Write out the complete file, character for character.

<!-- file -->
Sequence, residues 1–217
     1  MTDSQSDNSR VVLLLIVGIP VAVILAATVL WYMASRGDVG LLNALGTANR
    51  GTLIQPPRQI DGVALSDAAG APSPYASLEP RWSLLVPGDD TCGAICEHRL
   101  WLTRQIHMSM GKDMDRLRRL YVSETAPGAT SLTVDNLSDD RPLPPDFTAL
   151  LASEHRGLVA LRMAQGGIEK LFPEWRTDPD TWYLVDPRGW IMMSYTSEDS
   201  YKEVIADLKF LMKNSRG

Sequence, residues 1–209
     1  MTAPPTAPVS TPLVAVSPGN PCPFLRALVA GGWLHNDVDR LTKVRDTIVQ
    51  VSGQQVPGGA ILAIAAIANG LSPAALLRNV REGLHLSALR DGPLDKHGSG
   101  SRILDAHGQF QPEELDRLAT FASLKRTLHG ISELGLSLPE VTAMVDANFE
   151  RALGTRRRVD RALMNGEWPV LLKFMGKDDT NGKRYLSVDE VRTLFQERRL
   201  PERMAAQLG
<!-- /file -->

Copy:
Sequence, residues 1–217
     1  MTDSQSDNSR VVLLLIVGIP VAVILAATVL WYMASRGDVG LLNALGTANR
    51  GTLIQPPRQI DGVALSDAAG APSPYASLEP RWSLLVPGDD TCGAICEHRL
   101  WLTRQIHMSM GKDMDRLRRL YVSETAPGAT SLTVDNLSDD RPLPPDFTAL
   151  LASEHRGLVA LRMAQGGIEK LFPEWRTDPD TWYLVDPRGW IMMSYTSEDS
   201  YKEVIADLKF LMKNSRG

Sequence, residues 1–209
     1  MTAPPTAPVS TPLVAVSPGN PCPFLRALVA GGWLHNDVDR LTKVRDTIVQ
    51  VSGQQVPGGA ILAIAAIANG LSPAALLRNV REGLHLSALR DGPLDKHGSG
   101  SRILDAHGQF QPEELDRLAT FASLKRTLHG ISELGLSLPE VTAMVDANFE
   151  RALGTRRRVD RALMNGEWPV LLKFMGKDDT NGKRYLSVDE VRTLFQERRL
   201  PERMAAQLG